Camping & Hiking Etiquette Roanoke Rapids NC
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Camping & Hiking Etiquette
Camping & Hiking Etiquette
Avoiding the enemy within (the campsite)
Not all nature lovers have the same regard for their fellow campers as they do their environment. Green campers , who would never consider disturbing a desert flower, sometimes think nothing of disturbing the peace. To keep on the good side of other outdoor enthusiasts, follow a few simple guidelines.
Campgrounds, by their very nature, lack privacy. To help you keep the peace with your tenting neighbors:
- Tote your trash. When you leave, be sure to clean up the site for the next round of campers. If you're staying more than a night or two, be sure to collect your trash and dispose of it properly at regular intervals to discourage four-legged visitors.
- Noises Off. Observe the quiet times in the camp. Sound travels at night, so be sure to whisper and turn off generators, radios and other noise-spawning items. Also, try to arrive early enough to set up camp before others are trying to sleep.
- Stick to the path. Taking shortcuts through other campsites is not only rude, but a great way to find yourself camping at the nearest motel. Respecting other campers' sites is essential if everyone is to have a good time in crowded conditions.
- Go slow. Even if you're in a 4X4 that can handle rough terrain, be sure to observe the speed limit. Although the standard 15 mph seems like a snail's pace, it's there to protect children who may have more freedom than they do at home, as well as animals, cyclists, and your car's undercarriage.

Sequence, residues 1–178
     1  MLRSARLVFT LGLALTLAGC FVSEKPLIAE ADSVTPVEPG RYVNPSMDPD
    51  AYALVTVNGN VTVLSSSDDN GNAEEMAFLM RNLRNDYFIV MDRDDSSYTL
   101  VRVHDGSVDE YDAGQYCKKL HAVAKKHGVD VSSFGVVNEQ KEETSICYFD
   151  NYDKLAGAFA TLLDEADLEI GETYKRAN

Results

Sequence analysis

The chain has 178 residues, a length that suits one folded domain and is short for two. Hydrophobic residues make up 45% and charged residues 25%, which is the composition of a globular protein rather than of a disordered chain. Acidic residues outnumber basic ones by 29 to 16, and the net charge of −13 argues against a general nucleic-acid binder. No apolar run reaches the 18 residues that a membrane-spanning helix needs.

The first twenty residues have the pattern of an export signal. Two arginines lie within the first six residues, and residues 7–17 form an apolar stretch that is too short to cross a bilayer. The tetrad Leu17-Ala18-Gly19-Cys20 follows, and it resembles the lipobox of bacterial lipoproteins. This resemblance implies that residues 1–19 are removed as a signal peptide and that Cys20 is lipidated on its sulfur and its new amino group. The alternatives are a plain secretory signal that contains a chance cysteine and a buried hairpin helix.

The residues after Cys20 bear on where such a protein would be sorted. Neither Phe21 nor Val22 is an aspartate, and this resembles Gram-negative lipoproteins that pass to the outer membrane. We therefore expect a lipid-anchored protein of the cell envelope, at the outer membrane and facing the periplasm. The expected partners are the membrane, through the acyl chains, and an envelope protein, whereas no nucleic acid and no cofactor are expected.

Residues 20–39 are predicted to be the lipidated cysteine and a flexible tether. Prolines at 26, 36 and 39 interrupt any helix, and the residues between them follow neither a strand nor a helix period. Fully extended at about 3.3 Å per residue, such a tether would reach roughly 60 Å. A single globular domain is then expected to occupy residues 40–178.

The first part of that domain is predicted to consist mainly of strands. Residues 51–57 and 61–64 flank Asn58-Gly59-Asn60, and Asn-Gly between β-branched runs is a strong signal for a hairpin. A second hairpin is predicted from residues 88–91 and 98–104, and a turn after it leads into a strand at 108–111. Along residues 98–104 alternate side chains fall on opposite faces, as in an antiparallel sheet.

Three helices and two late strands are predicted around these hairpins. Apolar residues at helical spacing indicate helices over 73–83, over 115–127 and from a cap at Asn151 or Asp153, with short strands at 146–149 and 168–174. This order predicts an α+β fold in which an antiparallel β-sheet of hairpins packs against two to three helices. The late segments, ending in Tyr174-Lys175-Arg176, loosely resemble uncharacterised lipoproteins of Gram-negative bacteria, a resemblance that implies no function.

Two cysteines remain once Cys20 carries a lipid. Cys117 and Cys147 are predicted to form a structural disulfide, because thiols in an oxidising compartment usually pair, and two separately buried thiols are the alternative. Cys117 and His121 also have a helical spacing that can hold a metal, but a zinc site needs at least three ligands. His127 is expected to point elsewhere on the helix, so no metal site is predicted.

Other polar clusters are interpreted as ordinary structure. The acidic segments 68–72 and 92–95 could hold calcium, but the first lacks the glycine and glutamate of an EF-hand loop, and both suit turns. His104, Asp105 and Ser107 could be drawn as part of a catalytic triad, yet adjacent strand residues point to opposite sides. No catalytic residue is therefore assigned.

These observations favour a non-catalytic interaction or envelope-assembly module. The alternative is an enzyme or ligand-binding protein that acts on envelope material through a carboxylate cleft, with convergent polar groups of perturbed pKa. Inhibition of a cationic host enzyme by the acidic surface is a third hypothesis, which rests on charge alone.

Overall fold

- Dish duty. If your campground has a drinking fountain or water source, it's not your personal dishwashing station. Come prepared with a bucket, wash basin and bio-degradable soap and wash your dishes at your campsite. Also, resist the urge to do the dishes in the bathroom sinks.
- Share the showers. It's tempting to unwind under an endless stream of hot water after a day spent getting dusty and sore on the trails, but if you're lucky enough to have a campsite with hot showers, don't hog the water. Unless you've fallen into a tar pit, a 10-minute hose-down should be enough.
- Food forethought. Leaving food unattended at your site is an open invitation to unwanted wildlife, and can make neighboring campers irate when they see a bear or raccoon coming too close for comfort.
- Fish: Unless you're camping in the wilderness far from other campers, don't clean your catch at the campsite. Use the campground's fish-cleaning station or clean it where you caught it. Not only will the smell make you unpopular, fish offal, which is truly awful, is a magnet for wild animals looking for food.
Healthy Hiking Habits
Campsites aren't the only location where you need to mind your manners. When trekking the trails, you've likely been told to “take nothing but pictures and leave nothing but footprints.” While this is great advice for starters, knowing what to share and what to keep to yourself can make a ...
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